teeth

5 Clues Your Child Is not Brushing

 

1. The toothbrush is dry.
It’s tough to keep the toothbrush dry if you’re actually brushing! Make sure to check your child’s toothbrush every day (and night ) – before it has time to dry.
2. You can still see food particles.
After your child has brushed, ask for a smile. If you can still see bits of food on or in between your child’s teeth, send your child back to the bathroom for a do-over.
3. Teeth don’t pass the “squeak test.”
Have your child wet his or her finger and rub it quickly across the outside and inside of his or her teeth. If the teeth are clean, you will hear a squeaking sound.
4. Breath is everything but fresh.
If your child is brushing and flossing regularly, his or her breath should be fresh. The foul odor associated with bad breath is most often caused by food particles — either food left in between teeth or food trapped in the grooves on the tongue.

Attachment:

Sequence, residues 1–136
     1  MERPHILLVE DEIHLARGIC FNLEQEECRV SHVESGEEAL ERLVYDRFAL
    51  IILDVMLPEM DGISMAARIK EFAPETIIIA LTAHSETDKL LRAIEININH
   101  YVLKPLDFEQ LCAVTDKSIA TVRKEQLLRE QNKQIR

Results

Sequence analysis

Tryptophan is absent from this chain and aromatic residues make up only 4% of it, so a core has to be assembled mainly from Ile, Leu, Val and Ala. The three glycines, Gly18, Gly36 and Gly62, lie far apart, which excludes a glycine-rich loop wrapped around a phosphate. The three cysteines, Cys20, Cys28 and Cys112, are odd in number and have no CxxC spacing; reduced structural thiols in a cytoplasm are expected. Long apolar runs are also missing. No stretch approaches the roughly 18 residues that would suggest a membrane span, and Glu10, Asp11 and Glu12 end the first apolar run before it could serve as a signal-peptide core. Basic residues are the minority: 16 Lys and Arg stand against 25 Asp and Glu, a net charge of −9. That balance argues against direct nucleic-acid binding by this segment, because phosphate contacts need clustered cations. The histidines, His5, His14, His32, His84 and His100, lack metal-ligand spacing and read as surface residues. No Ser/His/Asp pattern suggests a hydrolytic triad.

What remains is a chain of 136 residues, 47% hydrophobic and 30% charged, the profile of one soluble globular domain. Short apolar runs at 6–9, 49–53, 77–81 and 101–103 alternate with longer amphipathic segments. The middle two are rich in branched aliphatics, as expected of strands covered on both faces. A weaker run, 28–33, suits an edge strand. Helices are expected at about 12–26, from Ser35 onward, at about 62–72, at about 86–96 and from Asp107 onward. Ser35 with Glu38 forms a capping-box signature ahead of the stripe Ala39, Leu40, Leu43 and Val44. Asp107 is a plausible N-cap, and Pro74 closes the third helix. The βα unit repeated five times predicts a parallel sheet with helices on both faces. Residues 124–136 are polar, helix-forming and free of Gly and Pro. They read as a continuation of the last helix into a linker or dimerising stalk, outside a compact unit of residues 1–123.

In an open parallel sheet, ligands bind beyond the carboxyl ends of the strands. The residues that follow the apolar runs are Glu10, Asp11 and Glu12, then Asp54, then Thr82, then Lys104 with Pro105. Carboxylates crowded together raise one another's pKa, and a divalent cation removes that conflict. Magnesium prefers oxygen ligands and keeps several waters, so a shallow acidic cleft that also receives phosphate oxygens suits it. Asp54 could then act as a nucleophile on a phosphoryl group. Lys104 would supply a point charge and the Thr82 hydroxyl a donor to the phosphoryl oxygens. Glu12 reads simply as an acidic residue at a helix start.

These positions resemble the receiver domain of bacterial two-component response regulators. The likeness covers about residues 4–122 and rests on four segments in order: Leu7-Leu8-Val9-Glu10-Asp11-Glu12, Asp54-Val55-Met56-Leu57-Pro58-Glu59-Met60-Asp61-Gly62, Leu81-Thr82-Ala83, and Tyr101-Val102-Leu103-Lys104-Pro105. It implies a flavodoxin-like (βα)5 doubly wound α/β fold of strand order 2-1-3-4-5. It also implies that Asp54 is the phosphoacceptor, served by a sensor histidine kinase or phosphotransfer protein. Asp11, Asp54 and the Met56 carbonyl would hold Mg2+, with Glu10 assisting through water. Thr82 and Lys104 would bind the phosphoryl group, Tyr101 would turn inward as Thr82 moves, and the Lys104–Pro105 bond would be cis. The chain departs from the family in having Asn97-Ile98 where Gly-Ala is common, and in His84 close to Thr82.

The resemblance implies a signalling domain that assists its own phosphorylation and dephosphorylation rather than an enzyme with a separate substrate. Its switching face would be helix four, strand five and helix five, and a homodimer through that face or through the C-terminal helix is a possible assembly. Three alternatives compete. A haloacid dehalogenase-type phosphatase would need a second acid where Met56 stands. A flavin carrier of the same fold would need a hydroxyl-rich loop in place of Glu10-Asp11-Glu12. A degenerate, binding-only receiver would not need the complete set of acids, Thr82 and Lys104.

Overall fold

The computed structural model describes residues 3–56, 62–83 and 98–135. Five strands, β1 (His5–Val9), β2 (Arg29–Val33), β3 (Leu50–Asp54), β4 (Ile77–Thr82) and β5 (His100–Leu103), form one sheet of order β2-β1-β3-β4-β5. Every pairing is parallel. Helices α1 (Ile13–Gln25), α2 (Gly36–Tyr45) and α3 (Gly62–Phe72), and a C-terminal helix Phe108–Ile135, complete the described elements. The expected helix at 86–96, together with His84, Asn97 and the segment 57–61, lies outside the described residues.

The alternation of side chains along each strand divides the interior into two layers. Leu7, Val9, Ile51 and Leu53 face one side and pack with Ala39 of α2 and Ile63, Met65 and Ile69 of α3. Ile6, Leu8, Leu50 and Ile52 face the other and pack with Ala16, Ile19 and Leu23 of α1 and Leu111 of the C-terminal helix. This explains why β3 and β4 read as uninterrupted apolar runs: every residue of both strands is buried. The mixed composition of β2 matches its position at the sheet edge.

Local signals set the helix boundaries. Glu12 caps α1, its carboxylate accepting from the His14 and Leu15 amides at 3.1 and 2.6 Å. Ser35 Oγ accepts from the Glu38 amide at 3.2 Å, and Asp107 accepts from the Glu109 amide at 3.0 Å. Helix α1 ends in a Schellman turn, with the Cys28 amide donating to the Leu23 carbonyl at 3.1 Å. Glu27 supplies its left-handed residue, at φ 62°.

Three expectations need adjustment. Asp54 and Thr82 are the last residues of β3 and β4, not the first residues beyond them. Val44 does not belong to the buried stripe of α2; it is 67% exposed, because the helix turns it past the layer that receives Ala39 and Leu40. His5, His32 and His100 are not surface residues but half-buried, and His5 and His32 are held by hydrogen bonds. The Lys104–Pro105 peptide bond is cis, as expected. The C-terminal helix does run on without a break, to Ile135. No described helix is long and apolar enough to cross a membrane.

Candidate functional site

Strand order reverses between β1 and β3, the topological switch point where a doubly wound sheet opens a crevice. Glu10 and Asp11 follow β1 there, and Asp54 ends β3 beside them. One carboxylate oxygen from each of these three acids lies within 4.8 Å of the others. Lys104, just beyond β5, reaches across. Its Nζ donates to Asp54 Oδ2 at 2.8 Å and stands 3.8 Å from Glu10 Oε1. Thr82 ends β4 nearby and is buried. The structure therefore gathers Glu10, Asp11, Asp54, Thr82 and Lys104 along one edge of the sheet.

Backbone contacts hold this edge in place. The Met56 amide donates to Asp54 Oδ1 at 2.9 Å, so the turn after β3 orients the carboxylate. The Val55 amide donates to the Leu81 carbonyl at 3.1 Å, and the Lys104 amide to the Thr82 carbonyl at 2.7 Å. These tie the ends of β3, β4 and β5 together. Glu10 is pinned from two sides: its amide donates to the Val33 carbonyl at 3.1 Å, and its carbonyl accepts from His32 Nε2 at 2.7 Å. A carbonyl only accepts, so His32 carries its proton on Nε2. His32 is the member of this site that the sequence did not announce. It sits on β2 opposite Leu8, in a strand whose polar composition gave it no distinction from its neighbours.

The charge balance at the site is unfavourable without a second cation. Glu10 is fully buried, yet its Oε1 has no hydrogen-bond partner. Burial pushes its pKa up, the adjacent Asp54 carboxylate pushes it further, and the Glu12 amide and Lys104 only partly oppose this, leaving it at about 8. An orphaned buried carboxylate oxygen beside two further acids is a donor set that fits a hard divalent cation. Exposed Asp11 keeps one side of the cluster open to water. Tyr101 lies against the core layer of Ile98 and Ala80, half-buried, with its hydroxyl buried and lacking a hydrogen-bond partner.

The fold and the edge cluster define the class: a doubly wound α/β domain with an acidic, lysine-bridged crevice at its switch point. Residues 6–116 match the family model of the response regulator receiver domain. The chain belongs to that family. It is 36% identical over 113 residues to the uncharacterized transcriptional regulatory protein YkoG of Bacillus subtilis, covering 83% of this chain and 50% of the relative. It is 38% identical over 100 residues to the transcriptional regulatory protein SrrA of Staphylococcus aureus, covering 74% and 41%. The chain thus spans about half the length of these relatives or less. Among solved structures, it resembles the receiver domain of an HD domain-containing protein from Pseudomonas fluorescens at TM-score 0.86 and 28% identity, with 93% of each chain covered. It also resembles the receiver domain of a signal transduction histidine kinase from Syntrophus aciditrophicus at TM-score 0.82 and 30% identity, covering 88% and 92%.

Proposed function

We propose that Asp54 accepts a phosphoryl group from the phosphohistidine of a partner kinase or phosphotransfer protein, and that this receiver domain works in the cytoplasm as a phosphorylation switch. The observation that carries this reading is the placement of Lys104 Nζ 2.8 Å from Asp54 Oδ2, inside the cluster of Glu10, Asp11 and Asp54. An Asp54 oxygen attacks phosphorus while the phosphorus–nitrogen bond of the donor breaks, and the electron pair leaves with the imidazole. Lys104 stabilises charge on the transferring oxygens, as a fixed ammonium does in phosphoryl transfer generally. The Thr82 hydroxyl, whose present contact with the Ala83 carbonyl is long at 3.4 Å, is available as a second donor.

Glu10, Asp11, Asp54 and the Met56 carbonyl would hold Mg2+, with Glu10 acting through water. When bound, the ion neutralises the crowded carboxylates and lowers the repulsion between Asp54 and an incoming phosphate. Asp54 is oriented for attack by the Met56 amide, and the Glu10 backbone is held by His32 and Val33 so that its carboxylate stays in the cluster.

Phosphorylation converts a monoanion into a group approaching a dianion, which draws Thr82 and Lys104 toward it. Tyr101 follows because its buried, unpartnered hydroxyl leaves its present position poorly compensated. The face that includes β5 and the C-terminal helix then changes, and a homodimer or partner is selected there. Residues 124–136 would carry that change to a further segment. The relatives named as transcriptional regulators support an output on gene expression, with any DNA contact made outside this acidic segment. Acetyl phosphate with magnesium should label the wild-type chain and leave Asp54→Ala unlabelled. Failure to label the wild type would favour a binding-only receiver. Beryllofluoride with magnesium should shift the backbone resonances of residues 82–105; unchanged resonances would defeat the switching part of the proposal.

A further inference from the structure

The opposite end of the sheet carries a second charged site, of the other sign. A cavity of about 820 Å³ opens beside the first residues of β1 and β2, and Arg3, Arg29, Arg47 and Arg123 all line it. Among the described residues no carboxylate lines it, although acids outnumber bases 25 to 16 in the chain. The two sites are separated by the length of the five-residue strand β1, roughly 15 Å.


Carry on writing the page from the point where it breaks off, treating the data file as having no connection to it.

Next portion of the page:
5. Your child has a toothache.
Even if you can’t tell if your child is brushing well, a toothache is a red flag. Make sure your child sees the dentist right away – a filling or other treatment may be in order.
Remember, brushing is just one part of your child’s total oral health regimen. In order to remove stubborn plaque and tartar buildup and prevent other dental problems, regular exams and cleanings are a must. Plus, your dentist can help reinforce the importance of good oral hygiene with your child.

Snoring: Can you do Anything about it?